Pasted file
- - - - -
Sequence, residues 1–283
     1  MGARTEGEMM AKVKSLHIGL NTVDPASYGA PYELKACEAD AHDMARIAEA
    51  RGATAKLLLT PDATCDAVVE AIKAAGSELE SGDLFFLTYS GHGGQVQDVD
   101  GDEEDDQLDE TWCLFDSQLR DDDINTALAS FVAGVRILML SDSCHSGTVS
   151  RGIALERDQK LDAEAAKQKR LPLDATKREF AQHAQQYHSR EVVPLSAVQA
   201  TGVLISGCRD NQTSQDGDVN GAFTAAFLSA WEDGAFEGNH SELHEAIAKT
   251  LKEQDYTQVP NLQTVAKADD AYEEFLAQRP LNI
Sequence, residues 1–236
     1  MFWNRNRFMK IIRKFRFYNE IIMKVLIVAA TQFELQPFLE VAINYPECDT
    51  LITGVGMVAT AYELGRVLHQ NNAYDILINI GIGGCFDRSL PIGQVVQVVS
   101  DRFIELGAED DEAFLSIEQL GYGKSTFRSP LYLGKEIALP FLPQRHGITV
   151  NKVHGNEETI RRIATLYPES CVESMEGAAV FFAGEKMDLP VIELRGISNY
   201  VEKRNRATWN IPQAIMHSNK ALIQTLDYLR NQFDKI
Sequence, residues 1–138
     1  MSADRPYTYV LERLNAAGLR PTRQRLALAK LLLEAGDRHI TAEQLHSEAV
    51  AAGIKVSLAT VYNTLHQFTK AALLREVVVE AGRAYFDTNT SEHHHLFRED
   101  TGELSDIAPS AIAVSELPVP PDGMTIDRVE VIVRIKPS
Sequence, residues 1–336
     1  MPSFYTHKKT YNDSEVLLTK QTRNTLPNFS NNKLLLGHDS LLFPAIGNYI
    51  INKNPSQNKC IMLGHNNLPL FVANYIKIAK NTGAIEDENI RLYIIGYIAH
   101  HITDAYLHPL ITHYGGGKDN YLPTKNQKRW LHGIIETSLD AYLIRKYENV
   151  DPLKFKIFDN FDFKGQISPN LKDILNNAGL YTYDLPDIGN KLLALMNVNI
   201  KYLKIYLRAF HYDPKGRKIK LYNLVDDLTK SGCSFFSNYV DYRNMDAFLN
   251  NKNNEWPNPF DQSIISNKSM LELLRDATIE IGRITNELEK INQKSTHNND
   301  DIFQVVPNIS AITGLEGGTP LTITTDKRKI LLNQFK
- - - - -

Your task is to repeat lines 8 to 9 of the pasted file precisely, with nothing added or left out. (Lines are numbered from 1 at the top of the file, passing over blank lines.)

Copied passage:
Sequence, residues 1–236
     1  MFWNRNRFMK IIRKFRFYNE IIMKVLIVAA TQFELQPFLE VAINYPECDT